At its core, real estate is an entrepreneur’s dream, and not just for investors or developers. Agents themselves enjoy incredible freedom to build their businesses as they see fit, facing bigger risks than most professions, but also greater potential rewards.
This is multiplication. If you can get five people doing the same business as you, then that’s more money than you’re making.
— LEE ADKINS
Yet in an industry like real estate, making the leap from agent to leader presents unique challenges. Will you go independent, or join a franchise? Form a team, or start a new brokerage? Who will you hire, and in what roles? The diversity of business models out there shows that there’s no right answer to any of these questions.
For Lee Adkins, however, one thing is clear: the key to building a great team or brokerage is understanding that you can’t do it alone, nor should you.
After several years in production as a real estate agent, Lee gave up selling to manage a real estate team full time. Under Lee’s guidance, the Atlanta Sold Sisters doubled their revenue in just two years. Today, with his consulting firm Amplified Solutions, Lee is helping real estate teams of all kinds guide both fledgling and established businesses into the next phase of their growth.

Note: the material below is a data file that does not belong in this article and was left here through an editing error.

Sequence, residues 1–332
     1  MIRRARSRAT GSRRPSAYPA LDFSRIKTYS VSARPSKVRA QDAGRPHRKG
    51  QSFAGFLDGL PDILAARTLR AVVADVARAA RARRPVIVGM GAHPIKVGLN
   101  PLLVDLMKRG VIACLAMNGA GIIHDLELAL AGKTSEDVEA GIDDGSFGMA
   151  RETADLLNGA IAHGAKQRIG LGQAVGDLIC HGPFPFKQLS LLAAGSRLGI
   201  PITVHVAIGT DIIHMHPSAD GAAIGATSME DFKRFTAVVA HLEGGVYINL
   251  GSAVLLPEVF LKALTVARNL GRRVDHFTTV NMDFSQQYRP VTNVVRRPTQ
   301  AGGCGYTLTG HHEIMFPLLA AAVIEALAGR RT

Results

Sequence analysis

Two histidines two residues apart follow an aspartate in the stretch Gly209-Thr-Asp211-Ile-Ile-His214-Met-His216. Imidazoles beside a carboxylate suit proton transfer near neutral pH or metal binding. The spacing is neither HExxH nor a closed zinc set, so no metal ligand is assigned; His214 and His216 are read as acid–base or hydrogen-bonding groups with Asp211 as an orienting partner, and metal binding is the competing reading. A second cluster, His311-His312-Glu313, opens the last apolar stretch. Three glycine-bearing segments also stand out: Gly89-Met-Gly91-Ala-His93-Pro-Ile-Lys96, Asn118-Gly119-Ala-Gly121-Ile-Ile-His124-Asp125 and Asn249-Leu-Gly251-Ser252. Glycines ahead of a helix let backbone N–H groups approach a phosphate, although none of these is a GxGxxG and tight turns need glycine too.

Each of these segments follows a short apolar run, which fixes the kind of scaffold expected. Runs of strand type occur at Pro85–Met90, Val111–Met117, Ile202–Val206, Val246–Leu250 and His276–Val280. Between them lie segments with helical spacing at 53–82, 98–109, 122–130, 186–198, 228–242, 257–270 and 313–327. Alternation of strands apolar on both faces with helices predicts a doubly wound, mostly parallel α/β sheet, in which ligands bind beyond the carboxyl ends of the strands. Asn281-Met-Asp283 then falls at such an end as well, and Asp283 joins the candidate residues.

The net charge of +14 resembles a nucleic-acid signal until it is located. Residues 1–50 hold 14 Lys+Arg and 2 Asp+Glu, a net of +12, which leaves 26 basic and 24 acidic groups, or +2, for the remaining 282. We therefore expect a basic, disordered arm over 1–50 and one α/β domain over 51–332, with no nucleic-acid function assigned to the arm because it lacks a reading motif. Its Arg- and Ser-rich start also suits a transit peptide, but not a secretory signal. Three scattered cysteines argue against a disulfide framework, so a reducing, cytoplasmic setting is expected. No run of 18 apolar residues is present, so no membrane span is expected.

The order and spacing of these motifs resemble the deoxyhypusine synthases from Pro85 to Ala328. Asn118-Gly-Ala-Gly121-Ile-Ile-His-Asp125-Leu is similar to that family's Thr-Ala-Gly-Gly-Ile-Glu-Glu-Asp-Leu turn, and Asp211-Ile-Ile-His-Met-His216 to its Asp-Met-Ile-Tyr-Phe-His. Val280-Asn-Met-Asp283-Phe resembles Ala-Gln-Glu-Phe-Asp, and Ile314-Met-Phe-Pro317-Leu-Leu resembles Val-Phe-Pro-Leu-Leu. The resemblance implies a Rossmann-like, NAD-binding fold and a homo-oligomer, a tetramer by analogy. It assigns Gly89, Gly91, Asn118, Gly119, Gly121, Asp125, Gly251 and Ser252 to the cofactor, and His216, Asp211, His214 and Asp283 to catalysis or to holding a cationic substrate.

For Lee, the key to getting a business off the ground is understanding and embracing not just your strengths, but also your weaknesses. “I think the overarching premise is just kind of recognizing what you’re good at, and accepting it,” Lee told us. “People don’t typically learn to be good at a lot of things. I think if you’re a numbers guy, you’re probably not going to just become a great marketer.”
Other agents, reluctant to leave selling behind, struggle with the transition to a full-time management role. But clinging to production, Lee says, is often shortsighted. “This is multiplication,” Lee told us. “If you can get five people doing the same business as you, then that’s more money than you’re making. You’re at your ceiling.”
Still, a great business doesn’t need a lot of moving parts—in fact, Lee stresses, simpler is often better. One way to find out if your business is getting too complicated? Talk to an outsider. “I think we’d all be really smart to pull in a friend who’s not in the business every now and then and try to give them our elevator pitch,” Lee said.
Lee has helped various real estate teams establish the structure, culture, and strategies they need to break through to the next level. In this interview, Lee Adkins discusses the challenges and pitfalls of expanding your real estate business, and why being an entrepreneur doesn’t have to mean reinventing the wheel.
- Matt & Seth